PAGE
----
June 12, 2005

Iraq and "Kurdistan"

In my geography class we were asked to divide Iraq into two contries that could be succesful. Here is the description of my countries.


Many times over the course of history the Kurdish people have been conquered and harassed with promises of their own country. Since the 1920s, however, they began a series of revolts. After a shot lapse from the fighting the Kurds began fighting with Iraq again in the 1960s. Continuing on for approximately thirty years the fighting grew worse and worse. In 1988, when chemical weapons were used against the Kurds thousands were killed and many were forced out of their homes. This constant struggle between the Iraqis and the Kurds shows that the two groups cannot peacefully coexist within the same country. The two groups should be separated to allow both to run their government the way they choose without being oppressed by the stronger group.
The border between the new Iraq and the new Kurdistan should be drawn so that it follows the Euphrates River from it’s most northwestern point in Iraq to its point at 33º 31’ N, 43º 08’ E. From there it should cut northeasterly to 33º 56’ N, 45º 30’ E. This leaves the northern region to become Kurdistan and the larger southern region to remain Iraq. The regions provide good borders because the Kurdish people mainly inhabit the northern area of Iraq. Both of the groups speak different languages, and both practice very different religions. With both of groups being culturally different in many ways the border would serve as an appropriate separation between the Kurds and Iraqis.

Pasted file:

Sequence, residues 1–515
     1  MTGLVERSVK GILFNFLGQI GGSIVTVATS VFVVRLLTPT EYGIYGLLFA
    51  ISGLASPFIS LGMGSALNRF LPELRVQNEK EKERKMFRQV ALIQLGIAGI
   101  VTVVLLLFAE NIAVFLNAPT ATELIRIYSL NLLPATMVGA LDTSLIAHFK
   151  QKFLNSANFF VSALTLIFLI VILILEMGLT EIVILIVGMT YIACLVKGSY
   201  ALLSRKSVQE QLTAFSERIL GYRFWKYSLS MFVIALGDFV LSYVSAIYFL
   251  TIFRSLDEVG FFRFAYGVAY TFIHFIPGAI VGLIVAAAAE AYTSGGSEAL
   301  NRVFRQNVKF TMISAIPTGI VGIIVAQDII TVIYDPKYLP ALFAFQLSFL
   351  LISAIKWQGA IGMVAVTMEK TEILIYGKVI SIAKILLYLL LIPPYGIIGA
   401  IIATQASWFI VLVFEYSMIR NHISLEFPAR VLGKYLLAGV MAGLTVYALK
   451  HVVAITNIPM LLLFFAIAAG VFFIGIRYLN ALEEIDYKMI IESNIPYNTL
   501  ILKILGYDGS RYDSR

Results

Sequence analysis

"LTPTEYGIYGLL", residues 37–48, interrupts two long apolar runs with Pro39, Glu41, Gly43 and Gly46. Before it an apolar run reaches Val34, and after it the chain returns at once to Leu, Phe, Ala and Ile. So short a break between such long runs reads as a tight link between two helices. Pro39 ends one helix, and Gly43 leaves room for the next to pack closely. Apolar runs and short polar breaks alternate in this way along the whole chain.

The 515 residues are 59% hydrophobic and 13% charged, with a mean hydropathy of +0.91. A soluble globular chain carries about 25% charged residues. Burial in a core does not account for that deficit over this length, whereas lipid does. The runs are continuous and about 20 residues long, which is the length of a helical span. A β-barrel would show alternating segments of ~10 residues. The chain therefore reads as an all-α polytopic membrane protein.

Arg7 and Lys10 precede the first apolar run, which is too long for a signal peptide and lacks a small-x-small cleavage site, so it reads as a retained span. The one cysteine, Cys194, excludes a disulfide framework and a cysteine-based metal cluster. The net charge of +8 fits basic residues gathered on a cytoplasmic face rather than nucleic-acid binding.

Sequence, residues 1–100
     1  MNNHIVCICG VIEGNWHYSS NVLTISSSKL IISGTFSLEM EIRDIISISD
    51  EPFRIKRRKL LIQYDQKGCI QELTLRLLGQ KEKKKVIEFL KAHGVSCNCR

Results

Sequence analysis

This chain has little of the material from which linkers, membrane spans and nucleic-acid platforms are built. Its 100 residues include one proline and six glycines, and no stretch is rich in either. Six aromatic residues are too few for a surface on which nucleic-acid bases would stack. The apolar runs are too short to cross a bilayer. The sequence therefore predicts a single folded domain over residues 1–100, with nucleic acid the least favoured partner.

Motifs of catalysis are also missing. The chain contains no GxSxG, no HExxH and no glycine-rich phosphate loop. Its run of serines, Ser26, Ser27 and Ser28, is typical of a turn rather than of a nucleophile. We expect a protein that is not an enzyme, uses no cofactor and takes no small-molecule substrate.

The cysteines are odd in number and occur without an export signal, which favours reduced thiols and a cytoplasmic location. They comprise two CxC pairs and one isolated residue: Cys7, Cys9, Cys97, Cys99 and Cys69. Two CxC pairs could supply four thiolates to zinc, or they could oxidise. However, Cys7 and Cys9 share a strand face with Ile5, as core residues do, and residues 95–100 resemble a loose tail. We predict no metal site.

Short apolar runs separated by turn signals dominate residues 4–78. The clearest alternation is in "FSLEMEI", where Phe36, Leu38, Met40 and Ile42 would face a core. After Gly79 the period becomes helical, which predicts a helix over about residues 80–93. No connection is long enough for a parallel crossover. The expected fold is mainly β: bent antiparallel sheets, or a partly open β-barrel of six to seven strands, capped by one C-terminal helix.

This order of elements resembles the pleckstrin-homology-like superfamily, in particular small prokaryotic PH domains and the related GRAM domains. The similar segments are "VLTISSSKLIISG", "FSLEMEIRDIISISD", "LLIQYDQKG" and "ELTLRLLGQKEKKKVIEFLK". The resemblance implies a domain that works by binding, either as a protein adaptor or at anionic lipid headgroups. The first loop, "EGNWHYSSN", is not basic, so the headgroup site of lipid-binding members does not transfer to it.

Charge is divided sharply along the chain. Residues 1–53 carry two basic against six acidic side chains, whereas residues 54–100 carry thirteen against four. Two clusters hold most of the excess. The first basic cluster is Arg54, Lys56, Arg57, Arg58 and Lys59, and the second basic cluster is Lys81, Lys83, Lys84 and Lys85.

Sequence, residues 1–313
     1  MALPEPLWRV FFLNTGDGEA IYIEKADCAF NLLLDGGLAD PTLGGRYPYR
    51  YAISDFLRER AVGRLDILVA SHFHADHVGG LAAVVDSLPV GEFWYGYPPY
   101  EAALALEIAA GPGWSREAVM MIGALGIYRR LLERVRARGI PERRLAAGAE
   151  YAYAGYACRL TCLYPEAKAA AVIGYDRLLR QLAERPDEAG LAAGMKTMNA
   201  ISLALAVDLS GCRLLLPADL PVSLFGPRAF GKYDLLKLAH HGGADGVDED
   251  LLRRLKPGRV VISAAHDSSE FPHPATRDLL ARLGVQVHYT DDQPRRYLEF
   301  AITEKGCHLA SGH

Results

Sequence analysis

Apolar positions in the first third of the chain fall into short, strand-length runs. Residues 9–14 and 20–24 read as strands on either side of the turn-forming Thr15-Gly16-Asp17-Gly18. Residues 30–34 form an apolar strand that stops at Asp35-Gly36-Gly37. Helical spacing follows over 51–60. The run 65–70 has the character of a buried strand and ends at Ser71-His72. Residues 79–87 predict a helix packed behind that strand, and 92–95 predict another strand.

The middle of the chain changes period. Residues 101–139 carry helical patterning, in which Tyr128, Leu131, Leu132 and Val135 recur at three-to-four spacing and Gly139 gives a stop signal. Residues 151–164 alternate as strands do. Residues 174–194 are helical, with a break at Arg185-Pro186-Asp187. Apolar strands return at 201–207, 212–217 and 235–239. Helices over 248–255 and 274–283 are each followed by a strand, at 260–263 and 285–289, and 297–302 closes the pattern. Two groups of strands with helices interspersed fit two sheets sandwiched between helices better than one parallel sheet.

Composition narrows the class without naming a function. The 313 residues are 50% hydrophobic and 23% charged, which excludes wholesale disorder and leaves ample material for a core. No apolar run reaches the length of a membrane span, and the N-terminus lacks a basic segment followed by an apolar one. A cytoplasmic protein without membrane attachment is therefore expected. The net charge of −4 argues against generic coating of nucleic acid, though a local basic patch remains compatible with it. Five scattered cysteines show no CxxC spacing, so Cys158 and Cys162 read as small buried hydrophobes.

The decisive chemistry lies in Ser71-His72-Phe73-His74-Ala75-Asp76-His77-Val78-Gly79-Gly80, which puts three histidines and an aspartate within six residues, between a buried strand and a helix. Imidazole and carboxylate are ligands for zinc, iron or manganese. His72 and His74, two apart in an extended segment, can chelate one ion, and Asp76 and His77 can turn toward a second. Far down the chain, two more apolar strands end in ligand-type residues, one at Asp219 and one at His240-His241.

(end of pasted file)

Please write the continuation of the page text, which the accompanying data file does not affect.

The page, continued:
Both Iraq and Kurdistan would be able to support themselves on oil and farming. The proposed Kurdistan contains a rather large oil reserve, near the city of Kirkuk, that could be used by the country and sold to other countries for a large profit. In the more northern regions of Kurdistan the farmland contains wheat, cotton and barley and along the Euphrates, dates are grown. For Iraq there would still be plenty of oil in the southeastern regions as to not hurt the economy and farmland between the Tigris and Euphrates rivers would provide more then enough food to support the countries population.
In conclusion, there should be two countries made out of the modern day Iraq. Due to the dramatic differences and separation of the Kurdish and Iraqi people through language, religion, and overall culture these two countries should be divided to serve both groups. By giving each enough resources to survive on their own they would both have the potential to become successful, if not already.

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